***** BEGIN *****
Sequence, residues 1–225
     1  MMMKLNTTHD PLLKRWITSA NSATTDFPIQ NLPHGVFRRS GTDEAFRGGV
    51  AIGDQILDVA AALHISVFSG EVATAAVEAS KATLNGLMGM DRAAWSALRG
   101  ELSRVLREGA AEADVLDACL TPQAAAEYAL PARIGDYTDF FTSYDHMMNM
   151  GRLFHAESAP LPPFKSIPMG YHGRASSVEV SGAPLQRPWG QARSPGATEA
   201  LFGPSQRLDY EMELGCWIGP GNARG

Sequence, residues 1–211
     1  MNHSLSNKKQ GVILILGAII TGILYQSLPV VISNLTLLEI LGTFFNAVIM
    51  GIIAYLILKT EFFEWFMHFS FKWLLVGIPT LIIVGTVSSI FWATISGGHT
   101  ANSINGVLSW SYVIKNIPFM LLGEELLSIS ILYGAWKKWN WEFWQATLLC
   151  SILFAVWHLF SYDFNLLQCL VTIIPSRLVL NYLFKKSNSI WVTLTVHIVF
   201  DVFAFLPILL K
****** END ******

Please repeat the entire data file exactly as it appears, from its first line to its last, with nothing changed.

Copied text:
Sequence, residues 1–225
     1  MMMKLNTTHD PLLKRWITSA NSATTDFPIQ NLPHGVFRRS GTDEAFRGGV
    51  AIGDQILDVA AALHISVFSG EVATAAVEAS KATLNGLMGM DRAAWSALRG
   101  ELSRVLREGA AEADVLDACL TPQAAAEYAL PARIGDYTDF FTSYDHMMNM
   151  GRLFHAESAP LPPFKSIPMG YHGRASSVEV SGAPLQRPWG QARSPGATEA
   201  LFGPSQRLDY EMELGCWIGP GNARG

Sequence, residues 1–211
     1  MNHSLSNKKQ GVILILGAII TGILYQSLPV VISNLTLLEI LGTFFNAVIM
    51  GIIAYLILKT EFFEWFMHFS FKWLLVGIPT LIIVGTVSSI FWATISGGHT
   101  ANSINGVLSW SYVIKNIPFM LLGEELLSIS ILYGAWKKWN WEFWQATLLC
   151  SILFAVWHLF SYDFNLLQCL VTIIPSRLVL NYLFKKSNSI WVTLTVHIVF
   201  DVFAFLPILL K